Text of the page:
LONDON: A year after new EU rules forced banks and brokers to charge investors for equity research, the pressure on small brokerages to make ends meet is becoming intense and more look set to merge or even shut up shop in 2019.
According to dozens of executives at major hedge funds, asset managers, banks and brokerages, the picture looks bleak for smaller brokers who are being undercut by large banks and face increasingly cost-conscious asset managers, report agencies.Smaller brokerages have far less clout in negotiating contracts with investors, forcing some to cut prices or research, carve out a niche with bespoke research or, in more drastic cases, team up with a rival or close.
Smaller brokerages' research generally focuses on certain key market segments, usually via a strategy team that assesses value and quality as a means of identifying themes and stocks of interest to investor clients which are then analysed in greater depth. Often, this involves stock specific research from analysis to in-depth reviews and thematic pieces, catering to clients’ requests.
The aim of the EU's Markets in Financial Instruments Directive II (MiFID II) was to increase transparency and ensure investors got a fairer deal, but the dominance of the big banks is also pushing some regulators to have a rethink.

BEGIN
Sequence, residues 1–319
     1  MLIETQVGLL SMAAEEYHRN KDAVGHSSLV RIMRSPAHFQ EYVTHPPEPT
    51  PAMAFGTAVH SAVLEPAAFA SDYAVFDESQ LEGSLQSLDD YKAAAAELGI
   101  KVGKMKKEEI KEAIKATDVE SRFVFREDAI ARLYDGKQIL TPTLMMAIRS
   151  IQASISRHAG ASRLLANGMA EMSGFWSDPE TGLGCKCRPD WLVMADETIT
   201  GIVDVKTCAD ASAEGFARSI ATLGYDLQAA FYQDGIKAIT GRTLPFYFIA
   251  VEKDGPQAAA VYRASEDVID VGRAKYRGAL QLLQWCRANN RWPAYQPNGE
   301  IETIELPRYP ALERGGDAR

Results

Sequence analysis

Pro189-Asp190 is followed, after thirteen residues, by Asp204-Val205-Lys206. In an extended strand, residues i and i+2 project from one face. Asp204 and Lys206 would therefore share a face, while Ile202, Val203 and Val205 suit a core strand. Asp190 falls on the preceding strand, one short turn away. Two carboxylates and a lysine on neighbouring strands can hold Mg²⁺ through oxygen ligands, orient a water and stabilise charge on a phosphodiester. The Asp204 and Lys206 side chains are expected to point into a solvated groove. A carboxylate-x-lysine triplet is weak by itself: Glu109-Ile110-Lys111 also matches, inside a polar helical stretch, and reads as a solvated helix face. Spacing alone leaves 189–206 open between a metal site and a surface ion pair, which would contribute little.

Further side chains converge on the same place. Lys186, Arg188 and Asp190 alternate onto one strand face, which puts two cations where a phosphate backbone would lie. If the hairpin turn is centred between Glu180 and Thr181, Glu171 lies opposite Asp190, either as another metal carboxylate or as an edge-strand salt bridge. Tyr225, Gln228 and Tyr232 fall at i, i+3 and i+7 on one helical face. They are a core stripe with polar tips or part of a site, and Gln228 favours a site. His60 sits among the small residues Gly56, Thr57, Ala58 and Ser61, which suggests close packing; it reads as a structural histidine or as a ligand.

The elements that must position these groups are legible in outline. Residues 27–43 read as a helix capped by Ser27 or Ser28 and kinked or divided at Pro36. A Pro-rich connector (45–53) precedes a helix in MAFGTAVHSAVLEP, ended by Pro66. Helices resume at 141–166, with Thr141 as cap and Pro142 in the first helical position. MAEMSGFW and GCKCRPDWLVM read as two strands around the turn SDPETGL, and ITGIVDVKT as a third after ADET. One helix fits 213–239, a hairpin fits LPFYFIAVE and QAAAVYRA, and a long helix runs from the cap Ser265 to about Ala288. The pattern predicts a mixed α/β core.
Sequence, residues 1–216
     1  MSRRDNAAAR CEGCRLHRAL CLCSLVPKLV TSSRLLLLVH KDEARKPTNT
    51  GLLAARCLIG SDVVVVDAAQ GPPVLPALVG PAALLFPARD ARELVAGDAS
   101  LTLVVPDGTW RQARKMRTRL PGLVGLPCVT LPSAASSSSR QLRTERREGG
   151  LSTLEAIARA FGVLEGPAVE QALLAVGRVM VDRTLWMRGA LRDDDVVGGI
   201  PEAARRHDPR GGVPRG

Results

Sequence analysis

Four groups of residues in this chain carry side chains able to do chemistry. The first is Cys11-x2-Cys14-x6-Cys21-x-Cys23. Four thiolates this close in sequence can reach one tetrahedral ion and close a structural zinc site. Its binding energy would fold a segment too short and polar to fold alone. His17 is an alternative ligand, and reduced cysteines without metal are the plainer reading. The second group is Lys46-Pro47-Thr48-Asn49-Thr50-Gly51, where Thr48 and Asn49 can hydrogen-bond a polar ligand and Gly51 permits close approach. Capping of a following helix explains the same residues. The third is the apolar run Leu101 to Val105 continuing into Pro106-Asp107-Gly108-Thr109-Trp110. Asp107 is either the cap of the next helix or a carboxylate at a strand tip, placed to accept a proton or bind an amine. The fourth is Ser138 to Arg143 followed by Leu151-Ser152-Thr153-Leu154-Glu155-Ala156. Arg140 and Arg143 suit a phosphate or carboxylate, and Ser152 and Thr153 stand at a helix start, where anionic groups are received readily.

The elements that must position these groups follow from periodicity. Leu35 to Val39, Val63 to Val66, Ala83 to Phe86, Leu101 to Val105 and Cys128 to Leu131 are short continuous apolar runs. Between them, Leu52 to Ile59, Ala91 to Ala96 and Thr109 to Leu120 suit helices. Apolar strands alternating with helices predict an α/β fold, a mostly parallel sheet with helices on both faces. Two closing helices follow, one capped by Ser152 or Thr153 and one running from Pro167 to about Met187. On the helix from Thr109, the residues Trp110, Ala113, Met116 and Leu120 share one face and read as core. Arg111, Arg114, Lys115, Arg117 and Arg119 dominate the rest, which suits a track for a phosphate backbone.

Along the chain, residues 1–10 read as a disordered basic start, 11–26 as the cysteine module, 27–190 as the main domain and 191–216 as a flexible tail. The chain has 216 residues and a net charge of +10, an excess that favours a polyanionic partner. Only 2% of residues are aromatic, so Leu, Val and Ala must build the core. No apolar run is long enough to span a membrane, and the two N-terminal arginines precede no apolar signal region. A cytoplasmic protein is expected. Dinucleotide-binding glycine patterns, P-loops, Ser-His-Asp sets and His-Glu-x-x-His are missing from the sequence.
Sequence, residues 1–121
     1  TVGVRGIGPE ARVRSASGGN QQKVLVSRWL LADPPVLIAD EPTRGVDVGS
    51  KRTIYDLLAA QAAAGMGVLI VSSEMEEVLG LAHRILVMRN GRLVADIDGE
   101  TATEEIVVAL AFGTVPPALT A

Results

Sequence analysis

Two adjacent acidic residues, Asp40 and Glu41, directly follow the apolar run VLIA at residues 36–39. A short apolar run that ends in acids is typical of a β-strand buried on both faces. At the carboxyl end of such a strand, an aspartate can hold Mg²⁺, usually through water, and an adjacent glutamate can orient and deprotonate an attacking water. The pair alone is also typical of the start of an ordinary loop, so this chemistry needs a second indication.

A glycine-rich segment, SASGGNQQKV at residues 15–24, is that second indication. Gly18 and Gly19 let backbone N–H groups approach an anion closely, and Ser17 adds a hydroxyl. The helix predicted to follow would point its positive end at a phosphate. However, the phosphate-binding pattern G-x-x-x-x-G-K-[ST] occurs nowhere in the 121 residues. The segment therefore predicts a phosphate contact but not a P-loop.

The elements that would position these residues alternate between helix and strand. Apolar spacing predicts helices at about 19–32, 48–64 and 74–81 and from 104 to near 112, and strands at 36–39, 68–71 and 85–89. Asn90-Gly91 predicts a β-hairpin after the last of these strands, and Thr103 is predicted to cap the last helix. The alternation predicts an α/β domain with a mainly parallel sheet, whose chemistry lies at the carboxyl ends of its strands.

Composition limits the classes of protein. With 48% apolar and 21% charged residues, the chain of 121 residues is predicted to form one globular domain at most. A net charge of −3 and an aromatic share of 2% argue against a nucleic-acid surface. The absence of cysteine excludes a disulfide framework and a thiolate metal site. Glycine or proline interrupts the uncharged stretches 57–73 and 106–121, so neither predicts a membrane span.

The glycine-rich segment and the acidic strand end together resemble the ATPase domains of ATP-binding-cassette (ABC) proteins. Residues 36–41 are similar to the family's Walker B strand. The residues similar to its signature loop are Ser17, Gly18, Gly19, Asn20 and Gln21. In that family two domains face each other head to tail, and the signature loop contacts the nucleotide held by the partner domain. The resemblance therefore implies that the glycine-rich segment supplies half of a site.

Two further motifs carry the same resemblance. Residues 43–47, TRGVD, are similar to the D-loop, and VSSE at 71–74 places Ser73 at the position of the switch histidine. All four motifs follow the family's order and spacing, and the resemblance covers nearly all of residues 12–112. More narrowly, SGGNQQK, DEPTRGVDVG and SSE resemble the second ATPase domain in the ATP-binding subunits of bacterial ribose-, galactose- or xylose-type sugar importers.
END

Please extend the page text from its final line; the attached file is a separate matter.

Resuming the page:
"MiFID is going to have continued significant ramifications. I always felt the fourth quarter  or first quarter  would be when the change starts to bite," said Steven Fine, chief executive at mid and small-cap broker Peel Hunt.
Before MiFID II came into force in January 2018, banks and brokerages bundled the cost of research into their overall charges for executing customer trades, or gave it away free. Under the new EU rules, they must bill institutional investors for everything from research to meetings to conference calls, and separate research from execution fees.
Itemising the services has caused havoc.US bank JP Morgan led the charge in 2017 before the rules came in by offering research subscriptions to investors for as little as $10,000 a year, a fraction of the six or seven figure sums some smaller boutique firms had hoped for.